City Breaks, Educational Adventures, Foodie Travel

Educational Infusions in Pittsburgh: The Speakeasy

It’s one of the great ironies of history–that the 1920’s and early 1930’s has been romanticized as a time rife with drinking and drinking-related debauchery.  It is ironic, of course, because this was the brief time in our nation’s past that alcohol was, in fact, illegal.  The moral of this history lesson–make something forbidden, and that thing becomes incredibly sexy.

But before you shed any tears over the 1933 repeal of the 18th amendment, there’s something you need to know.  The spirit of prohibition (pun intended), in all of its glamour, is alive and well at the Omni William Penn’s new watering hole–The Speakeasy, hidden in the depths of the grand old hotel’s basement.  Seriously–it’s hidden.  There are no signs; you’ll just have to ask.  And trust me, you’ll be glad you did.

There are two reasons I loved The Speakeasy.  One, it is a fabulous space.  It is at once elegant and cozy.  Goldilocks would approve–The Speakeasy is neither too big nor too small.  Large, overstuffed chairs surround the outside of the room, with still-cozy and still-plush seating at small tables throughout the center of the space.    The bar area is a bit more modern-looking than I originally expected; but the sleek decor is where the modern aesthetic ends.

Which brings me to my second reason-to-love The Speakeasy: the drink menu.  The menu at The Speakeasy is, without a doubt, the second-most educational menu I’ve ever read (and that’s only because I’ve also had the pleasure of dining at the temporary installation of  America Eats Tavern).  And in my opinion, there’s only one thing that can make an educational experience even better–alcohol!

The slim bar menu, sporting a supple leather cover and aged, yellowed pages, reads a bit like a history book with a wine list–and in my opinion, all history books should come with a wine list!  There’s an introductory section for those of you who want to brush up on your prohibition history or want to learn the derivation of the term ‘speakeasy’, and then it gets into the good part–the cocktails.  A special ‘Pennsylvania Inspired Cocktails’ list–featuring unique libations such as ‘Curious Pig’ and ‘Blind Tiger’– includes information about the history of each concoction, often quoting old New York Times articles.  Seriously, this bar menu is almost a primary document.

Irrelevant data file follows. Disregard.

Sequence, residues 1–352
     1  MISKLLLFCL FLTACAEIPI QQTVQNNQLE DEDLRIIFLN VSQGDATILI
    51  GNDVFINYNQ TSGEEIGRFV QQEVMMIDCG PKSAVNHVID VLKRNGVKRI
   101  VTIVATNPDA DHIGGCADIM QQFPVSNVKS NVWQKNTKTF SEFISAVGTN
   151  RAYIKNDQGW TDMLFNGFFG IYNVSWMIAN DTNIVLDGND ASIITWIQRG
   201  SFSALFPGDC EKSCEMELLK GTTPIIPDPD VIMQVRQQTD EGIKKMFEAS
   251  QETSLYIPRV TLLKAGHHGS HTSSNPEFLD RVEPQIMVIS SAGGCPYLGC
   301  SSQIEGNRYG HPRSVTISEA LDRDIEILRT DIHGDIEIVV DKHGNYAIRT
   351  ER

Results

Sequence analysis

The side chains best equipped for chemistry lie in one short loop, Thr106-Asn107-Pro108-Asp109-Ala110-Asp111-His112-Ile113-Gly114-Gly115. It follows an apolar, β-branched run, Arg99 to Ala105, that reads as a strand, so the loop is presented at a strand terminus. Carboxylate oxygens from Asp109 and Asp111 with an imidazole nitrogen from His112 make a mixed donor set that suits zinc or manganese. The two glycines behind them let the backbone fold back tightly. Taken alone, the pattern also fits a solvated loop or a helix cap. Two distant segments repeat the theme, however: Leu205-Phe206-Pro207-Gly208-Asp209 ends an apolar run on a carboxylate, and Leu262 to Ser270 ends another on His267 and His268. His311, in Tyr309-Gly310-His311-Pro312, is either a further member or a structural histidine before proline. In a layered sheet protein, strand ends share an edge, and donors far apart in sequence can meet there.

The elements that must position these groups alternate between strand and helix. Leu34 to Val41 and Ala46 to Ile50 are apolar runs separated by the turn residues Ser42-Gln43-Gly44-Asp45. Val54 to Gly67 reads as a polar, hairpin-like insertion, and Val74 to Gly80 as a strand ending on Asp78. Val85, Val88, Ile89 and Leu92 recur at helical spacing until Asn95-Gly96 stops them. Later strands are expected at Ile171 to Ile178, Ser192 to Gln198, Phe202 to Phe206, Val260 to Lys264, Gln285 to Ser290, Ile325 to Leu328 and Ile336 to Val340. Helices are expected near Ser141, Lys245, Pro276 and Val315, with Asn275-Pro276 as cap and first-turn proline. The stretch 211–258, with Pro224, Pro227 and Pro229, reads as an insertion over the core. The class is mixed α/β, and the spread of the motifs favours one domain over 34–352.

I ordered a decidedly un-Pennsylvanian cocktail–the Pimms cup–because, well, I love them and I’ve never seen one offered anywhere north of the Mason Dixon line.  It was definitely a modern twist on the classic cocktail, garnished with bot the traditional mint as well as a variety of fresh fruits and berries.  It wasn’t as sour as the Pimms cup I had in New Orleans (ok, that sentence should really read ‘as the eight or nine Pimms cups I had in New Orleans) but it was just as refreshing.  And the crystal goblet in which it was served far out-classed the plastic cup I was given on Bourbon Street.

I’m truly glad I took the time to seek out The Speakeasy.  And, if the happy chatter from the surrounding tables was any indication, so were the many other people who spent that December night sipping ‘Whisperers’ Whiskey’.  After a day of sightseeing in snowy Pittsburgh, who wouldn’t want to kick back in a leather armchair with a classic cocktail in their hand?

How to get to The Speakeasy:  The Speakeasy is located in the lower level of the already-historic Omni William Penn in downtown Pittsburgh at 530 William Penn Place.  If you enter through the main door on William Penn Place (and you should; it’s a great preamble to the entire experience–and as an added bonus, there’s a parking garage right across the street), walk through the sprawling, gorgeous lobby (pausing to appreciate this grand old hotel) to the stairs at the rear of the building.  Follow them down to the William Penn Level, and turn left.  You will begin to see signs.  Follow them, grab a comfy chair, and sip away.  I assure you, it’s truly the bee’s knees.  


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